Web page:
The Air Force Officer Qualifying Test (AFOQT) is a standardized test similar to the SAT and ACT. The AFOQT measures aptitudes and is used to select applicants for officer commissioning programs, such as Officer Training School (OTS) or Air Force Reserve Officer Training Corps (Air Force ROTC). It is also used for selection into specific training programs such as pilot and navigator training. The AFOQT is a required test for all cadets and students on scholarship or in the POC.
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In practice, all uses of the AFOQT involve a prediction. By measuring the aptitudes of applicants prior to selection, the AFOQT contributes substantial information for making personnel decisions. The AFOQT assesses aptitudes required of student pilots, navigators, students in technical training and officers in general.
- Examinees are required to complete all sections of the test regardless of the program for which they are applying.
- The AFOQT can only be taken twice. (waiverable)
- Examinees must wait 180 days (6 months) between tests.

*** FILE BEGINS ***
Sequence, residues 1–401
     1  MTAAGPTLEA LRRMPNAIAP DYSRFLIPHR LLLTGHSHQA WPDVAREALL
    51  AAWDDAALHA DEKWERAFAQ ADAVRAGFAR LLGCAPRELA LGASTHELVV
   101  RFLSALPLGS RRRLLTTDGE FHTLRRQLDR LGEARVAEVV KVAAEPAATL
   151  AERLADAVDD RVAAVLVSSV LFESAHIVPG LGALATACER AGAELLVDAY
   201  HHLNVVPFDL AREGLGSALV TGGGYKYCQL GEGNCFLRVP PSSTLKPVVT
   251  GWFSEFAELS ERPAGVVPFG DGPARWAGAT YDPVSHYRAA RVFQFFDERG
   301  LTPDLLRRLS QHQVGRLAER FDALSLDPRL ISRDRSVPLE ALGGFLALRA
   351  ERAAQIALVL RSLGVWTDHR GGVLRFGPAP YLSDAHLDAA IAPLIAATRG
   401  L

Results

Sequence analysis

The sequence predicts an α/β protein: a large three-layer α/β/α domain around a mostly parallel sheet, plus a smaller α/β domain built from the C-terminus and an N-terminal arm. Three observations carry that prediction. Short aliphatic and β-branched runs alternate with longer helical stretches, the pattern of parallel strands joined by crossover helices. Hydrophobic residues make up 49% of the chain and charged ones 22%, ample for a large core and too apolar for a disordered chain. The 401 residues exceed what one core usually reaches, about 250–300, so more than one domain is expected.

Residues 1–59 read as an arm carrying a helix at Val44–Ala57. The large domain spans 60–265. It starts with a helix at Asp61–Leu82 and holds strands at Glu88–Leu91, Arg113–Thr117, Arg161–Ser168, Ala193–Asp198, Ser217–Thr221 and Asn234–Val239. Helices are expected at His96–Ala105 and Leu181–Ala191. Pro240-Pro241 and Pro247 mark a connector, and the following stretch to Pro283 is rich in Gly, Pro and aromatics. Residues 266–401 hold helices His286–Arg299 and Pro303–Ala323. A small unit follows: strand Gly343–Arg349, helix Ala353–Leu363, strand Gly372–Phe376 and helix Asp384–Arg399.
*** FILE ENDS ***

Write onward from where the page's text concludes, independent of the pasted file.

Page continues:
- AFOQT scores never expire.
- The most recent AFOQT test score is the one that counts.
The AFOQT is a standard test, a lot like taking the SAT’s or the ACT’s. However, it is considerably more comprehensive. There are 12 sections to this test and it will take you 3 1/2 hours to complete the test. Although 210 minutes sounds like a lot, it can go by very quickly. When you take the 12 sections, your aggregate scores will be measured using five different scores. These scores will determine whether a person is qualified to be a pilot or not.
AFOQT Test Advice
“I would highly recommend the ARCO book. There is one called Officer Candidate Tests and another called Military Flight Aptitude Tests I studied for about four weeks and did a few full strictly timed practice tests and ended up making a 98 on Pilot and 95 on Nav when I took the real one last July. I found that many of the practice problems were more difficult than those on the test. The book was a great asset to my scores. Good luck!”
“Study advice: The Military Flight Aptitude exam book is good for mazes, mechanical comp, word knowledge etc. However study the Officer Candidate Tests book, it is much better and more challenging in the math and arithmetic knowledge sections (spelling is obviously not my strength). Study to realistic times ONCE YOU HAVE mastered the problems.”
- Get a good night’s sleep the night before the test.